Playing test and tease

Cop show just small screen silliness

Published: Mar 01 2015, 01:01:am

Thursday, May 24, 1984
POLICE ACADEMY. Co-written by Neal Israel and Pat Proft. Music by Robert Folk. Co-written and directed by Hugh Wilson. Running time: 95 minutes. Mature entertainment with the B.C. Classifier's warning: some coarse language, occasional nudity and suggestive scenes.
WHERE IS IVAN REITMAN NOW that we need him? A filmmaker with a real talent for team comedy, he might have made something worthwhile out of Police Academy.
    Reitman, 37, produced 1978's National Lampoon's Animal House and directed both Meatballs (1979) and Stripes (1981). Hugh Wilson, the director of Police Academy, came to the project with no previous theatrical film credits, and it shows.
    Wilson made his name in television, where he was a producer, writer and director on WKRP In Cincinnati.  Maybe that's why his debut feature looks so much like the pilot episode of a TV series.
    Though shot in Toronto, his film's setting is an unnamed American city where the police training facility has just been opened to all comers by a reform-minded female mayor. The school's staff officers resist this change, of course.
    They are determined to wash out the "undesirables" as quickly as possible.
    To generate laughs, screenwriters Wilson, Neal Israel and Pat Proft populate the place with a selection of squirrels. A too-large cast of single-note characters is headed up, naturally, by a slick charmer, Carey Mahoney (Steve Guttenberg) and his love interest, cute rich girl Karen Thompson (Kim Cattrall).
    Included among their cartoon classmates are sad fat kid Leslie Barbara (Donovan Scott), gentle giant Moses Hightower (Bubba Smith), phoney Romeo George Martin (Andrew Rubin), gun nut Eugene Tackleberry (David Graf), Gerald McBoing-Boing clone Larelle Jones (Michael Winslow), a klutz called Douglas Fackler (Bruce Mahler) and a mouse named Laverne Hooks (Marion Ramsey).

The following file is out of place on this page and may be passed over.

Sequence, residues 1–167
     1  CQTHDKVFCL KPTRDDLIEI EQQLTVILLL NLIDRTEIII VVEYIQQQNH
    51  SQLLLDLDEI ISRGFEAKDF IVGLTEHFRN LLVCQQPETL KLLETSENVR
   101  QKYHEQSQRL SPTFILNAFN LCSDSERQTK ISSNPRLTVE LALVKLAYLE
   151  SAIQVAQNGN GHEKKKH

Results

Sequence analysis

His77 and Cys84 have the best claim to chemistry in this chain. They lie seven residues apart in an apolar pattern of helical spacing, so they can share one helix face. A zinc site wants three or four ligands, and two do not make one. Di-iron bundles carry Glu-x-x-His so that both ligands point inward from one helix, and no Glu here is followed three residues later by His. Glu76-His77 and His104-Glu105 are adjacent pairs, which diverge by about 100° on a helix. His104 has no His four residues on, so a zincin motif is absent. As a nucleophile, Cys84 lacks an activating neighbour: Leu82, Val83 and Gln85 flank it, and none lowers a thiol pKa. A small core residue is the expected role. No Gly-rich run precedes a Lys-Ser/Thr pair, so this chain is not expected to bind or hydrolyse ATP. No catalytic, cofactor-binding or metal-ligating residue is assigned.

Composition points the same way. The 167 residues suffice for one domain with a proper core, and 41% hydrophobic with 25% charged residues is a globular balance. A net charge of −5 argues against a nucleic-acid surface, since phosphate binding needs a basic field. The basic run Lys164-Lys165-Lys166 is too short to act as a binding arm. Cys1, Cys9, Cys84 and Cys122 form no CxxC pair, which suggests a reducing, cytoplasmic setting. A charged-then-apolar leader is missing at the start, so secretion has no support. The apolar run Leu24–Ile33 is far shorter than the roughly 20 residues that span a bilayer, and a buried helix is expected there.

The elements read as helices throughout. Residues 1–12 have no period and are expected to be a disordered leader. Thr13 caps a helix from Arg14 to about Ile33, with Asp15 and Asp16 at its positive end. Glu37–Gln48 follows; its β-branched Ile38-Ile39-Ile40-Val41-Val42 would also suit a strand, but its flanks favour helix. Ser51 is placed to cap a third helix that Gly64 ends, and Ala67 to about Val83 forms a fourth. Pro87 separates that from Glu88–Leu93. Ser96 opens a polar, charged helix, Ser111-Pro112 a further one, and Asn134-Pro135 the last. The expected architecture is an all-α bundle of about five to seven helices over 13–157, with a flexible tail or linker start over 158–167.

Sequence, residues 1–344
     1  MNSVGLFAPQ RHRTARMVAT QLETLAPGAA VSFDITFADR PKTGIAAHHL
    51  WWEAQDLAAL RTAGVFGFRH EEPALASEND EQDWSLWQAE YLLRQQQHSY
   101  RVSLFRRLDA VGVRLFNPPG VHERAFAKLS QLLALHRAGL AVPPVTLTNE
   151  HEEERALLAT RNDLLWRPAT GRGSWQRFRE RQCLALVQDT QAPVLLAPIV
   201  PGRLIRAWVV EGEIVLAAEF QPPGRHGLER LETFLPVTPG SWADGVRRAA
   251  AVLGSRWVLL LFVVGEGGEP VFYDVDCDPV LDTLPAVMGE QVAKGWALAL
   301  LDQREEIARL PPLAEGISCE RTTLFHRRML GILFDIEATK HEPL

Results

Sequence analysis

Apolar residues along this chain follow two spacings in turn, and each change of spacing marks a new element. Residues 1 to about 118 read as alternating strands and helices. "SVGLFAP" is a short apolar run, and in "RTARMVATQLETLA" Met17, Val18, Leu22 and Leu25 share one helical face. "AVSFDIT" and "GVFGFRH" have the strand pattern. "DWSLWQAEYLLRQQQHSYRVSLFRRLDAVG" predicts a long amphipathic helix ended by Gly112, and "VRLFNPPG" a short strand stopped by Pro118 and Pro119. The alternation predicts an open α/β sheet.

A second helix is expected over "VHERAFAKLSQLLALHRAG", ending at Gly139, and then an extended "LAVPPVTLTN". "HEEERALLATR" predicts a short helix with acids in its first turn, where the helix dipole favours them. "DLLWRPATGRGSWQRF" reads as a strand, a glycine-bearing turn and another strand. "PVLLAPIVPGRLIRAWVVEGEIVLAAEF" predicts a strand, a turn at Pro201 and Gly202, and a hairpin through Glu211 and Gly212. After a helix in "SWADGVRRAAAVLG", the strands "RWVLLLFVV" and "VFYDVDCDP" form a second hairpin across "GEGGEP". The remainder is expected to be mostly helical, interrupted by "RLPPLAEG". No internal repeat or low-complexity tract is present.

Their major conflict is with martinet Lieutenant Harris (G.W. Bailey) and the hick finks — Chad Copeland (Scott Thomson) and Kyle Blankes (Brent Van Hoffman) — that he recruits to help him. It all ends with a final "big test" in which the various participants get something like their just desserts.
    What we're offered in Police Academy is a collection of lightweight skits designed to give the various actors an opportunity to be noticed in the crowd. This scattergun approach to plotting makes some sense in a TV pilot, where the producers are hoping that somewhere in their stewpot a network executive will see something to his liking.
    It makes less sense in a theatre, where audiences pay to see fully-formed films. Reitman delivers pictures that are satisfyingly complete.
     Wilson, by contrast, is playing test and tease, the little TV game that's supposed to make us tune in next week: same time, same station.
    An inconsequential confection, Police Academy wears its small screen ambitions rather too openly. Indifferent schlock of the broadcast kind, it is undemanding and largely unoriginal.

The above is a restored version of a Province review by Michael Walsh originally published in 1984. For additional information on this archived material, please visit my FAQ.

Afterword: Indicative of what passed for humour in Police Academy was Georgina Spelvin's character name in the film's credits: C.S. Hooker. Yes, it could be a reference to T.J. Hooker (1982-1986), William Shatner's then-current TV cop show. It could also allude to CS Blues, director Robert Frank's notorious 1972 rock documentary about The Rolling Stones. Spelvin, celebrating her 79th birthday today, was involved in the launching of two successful film franchises. Director Gerard Damiano's influential The Devil in Miss Jones (1973) was followed by five sequels and a 2005 remake. Police Academy, despite few positive reviews, spun off six sequels and two TV series. The first three sequels — P.A. 2: Their First Assignment (1985); P.A. 3: Back in Training (1986); P.A. 4: Citizens on Patrol (1987); — were all shot in Toronto, and featured Steve Guttenberg reprising his Carey Mahoney role. (Spelvin also returned, playing a somewhat more substantial role in Police Academy 3.)
     Financially, the first Police Academy was a success story — made for $4.5 million, it earned nearly $82 million — and was a significant moment for Guttenberg, an actor whose career was always on the verge of taking off. After years of hard work by studio publicists, his failure to launch made his name synonymous with occupational bad luck. It was Guttenberg's co-star, Canadian Kim Cattrall, who gained lasting fame. A member of the ensemble cast of 1982's Porky's, the highest-grossing Canadian film of the 20th century, she became iconic playing the adventurous Samantha Jones during the six-season run of the HBO series Sex and the City (1998-2004). She has since reprised the role in the 2008 spin-off feature.

See also: Kim Cattrall, who grew up in B.C., did fine work playing opposite Jack Lemmon in the 1980 feature Tribute.